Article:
Greek Finance Minister Euclid Tsakalotos has presented the initial framework for the nation’s new online gambling licensing regime, seeking to continue the overhaul of Greek-wide industry regulations.
Since 2011, The Greek government has allowed 24 operators to operate online gambling services, sanctioned through ‘transitional permits’.
The Ministry of Finance will allow these operators first right to secure its revamped online gambling licenses, however, stakeholders will likely be disappointed by the steep costs attached to procurement.
In its proposed framework, the Greek government has attached a €4 million fee for securing an online sports betting licence, with operators forced to pay an additional €1 million for operating further online gambling services.
At present, the proposed online gambling licences will last for a period of five years, with operators further required to prove that they operated legally within regulated EU jurisdictions, along with records disclosing up to three years of corporate financial performance.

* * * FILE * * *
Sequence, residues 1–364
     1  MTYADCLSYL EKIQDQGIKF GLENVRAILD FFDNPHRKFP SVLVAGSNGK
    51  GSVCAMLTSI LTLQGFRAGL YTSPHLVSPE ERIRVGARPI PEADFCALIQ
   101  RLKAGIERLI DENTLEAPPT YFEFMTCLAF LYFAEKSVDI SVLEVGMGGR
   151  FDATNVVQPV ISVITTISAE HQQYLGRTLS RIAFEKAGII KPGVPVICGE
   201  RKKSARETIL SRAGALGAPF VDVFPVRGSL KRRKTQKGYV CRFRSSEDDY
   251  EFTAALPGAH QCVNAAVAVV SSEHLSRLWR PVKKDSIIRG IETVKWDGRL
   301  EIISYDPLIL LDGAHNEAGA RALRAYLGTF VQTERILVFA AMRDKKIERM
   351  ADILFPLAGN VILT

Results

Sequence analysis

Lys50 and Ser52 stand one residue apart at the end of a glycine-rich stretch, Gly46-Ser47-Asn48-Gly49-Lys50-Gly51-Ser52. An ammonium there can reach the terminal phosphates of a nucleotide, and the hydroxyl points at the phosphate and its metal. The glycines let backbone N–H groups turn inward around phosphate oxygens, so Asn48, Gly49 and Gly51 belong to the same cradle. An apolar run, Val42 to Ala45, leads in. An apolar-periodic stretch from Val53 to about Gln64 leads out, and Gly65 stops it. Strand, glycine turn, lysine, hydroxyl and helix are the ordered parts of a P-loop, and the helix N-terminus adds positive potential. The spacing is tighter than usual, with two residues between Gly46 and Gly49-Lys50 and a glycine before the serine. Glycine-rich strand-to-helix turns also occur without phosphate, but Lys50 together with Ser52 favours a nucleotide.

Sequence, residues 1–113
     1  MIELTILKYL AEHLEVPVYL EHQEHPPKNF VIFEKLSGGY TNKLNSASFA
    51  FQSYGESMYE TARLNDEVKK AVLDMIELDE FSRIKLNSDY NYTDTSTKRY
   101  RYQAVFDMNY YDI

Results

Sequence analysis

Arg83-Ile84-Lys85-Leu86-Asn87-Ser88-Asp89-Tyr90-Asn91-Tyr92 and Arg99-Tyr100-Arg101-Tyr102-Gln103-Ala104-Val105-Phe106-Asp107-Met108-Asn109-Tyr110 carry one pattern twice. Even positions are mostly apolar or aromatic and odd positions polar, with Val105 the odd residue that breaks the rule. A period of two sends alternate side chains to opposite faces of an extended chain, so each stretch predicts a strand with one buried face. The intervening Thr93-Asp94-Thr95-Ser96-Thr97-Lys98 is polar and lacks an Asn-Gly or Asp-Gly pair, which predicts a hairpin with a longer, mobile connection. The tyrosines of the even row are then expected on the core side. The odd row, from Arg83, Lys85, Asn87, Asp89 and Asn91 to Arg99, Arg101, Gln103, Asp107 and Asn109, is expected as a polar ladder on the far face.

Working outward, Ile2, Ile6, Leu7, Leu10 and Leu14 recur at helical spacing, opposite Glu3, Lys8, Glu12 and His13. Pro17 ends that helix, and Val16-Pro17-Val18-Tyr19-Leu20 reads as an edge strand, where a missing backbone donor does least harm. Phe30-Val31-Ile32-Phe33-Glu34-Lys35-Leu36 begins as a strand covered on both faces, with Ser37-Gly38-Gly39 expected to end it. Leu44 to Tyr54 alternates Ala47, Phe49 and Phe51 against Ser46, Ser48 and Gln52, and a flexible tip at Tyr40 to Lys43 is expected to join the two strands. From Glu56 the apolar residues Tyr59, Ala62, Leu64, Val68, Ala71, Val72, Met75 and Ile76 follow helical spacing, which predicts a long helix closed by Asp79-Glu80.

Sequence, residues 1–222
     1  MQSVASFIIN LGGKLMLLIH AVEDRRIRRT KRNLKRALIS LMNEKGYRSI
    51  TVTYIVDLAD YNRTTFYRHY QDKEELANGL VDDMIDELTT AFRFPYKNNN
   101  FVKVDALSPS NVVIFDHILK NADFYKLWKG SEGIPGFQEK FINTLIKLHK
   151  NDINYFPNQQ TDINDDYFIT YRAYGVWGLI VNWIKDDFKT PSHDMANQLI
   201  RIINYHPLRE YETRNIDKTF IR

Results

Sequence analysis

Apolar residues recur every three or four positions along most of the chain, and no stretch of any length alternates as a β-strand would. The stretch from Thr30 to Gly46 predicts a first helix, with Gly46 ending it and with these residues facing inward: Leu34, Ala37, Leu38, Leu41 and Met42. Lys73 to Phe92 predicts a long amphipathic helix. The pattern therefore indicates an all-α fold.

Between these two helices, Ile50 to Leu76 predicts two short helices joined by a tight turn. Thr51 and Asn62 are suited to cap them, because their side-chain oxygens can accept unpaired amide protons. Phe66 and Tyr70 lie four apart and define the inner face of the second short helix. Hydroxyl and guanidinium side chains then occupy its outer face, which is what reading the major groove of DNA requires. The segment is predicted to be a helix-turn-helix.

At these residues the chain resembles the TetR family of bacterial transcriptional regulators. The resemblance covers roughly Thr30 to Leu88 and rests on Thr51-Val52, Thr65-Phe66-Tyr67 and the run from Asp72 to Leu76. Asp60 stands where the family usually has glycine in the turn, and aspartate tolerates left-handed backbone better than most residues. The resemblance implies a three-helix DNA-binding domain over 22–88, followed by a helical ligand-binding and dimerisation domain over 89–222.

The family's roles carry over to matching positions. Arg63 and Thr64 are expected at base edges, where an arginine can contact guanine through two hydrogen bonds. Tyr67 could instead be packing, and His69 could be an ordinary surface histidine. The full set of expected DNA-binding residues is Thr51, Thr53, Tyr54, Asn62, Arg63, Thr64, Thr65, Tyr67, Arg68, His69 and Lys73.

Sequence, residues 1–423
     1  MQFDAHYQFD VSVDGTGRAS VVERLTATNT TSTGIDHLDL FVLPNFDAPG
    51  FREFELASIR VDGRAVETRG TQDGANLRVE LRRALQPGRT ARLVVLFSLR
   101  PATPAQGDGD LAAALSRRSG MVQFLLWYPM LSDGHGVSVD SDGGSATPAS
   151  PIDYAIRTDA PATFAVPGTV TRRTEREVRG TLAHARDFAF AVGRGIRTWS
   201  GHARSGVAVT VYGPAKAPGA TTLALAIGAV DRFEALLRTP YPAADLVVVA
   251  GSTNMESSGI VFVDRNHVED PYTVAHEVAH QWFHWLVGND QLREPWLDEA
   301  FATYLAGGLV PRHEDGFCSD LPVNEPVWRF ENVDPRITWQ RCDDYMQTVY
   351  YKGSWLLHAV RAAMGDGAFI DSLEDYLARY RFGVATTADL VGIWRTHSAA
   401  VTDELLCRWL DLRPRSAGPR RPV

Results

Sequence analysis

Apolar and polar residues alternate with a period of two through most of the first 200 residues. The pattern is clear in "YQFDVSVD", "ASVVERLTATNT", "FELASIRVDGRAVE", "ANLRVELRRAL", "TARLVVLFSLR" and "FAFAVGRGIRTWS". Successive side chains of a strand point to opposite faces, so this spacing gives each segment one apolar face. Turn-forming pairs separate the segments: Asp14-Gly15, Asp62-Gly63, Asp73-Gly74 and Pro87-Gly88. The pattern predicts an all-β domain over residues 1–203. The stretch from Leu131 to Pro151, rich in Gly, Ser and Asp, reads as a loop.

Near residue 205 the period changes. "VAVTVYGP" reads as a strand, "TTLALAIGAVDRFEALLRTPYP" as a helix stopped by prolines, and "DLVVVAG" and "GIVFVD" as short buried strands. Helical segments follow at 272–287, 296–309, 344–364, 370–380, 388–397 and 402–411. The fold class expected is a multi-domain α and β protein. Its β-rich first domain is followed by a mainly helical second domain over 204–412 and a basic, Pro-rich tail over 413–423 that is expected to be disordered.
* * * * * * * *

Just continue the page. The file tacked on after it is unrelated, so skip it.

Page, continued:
On application, all interested parties seeking to secure a new online gambling license will be forced to deposit €500,000 with the Greek Finance Ministry.
The Greek government has stated that it won’t allow ‘black-listed operators’ to apply for licensing for a period of up to 12 months. Applicants will learn of their acceptance within two months of filing.
Further complications see the Ministry of Finance attach a ‘variable tax’ on consumer winnings above €100, which will be withheld by Greece’s tax authority before redistribution to customers.
As yet, little is known as to whether the Greek government will seek to adjust its 35% revenue tax on online gambling services.
The Ministry of Finance will move to open a consultation window on its proposed framework, seeking advice and opinion from active stakeholders within the Greek gambling market.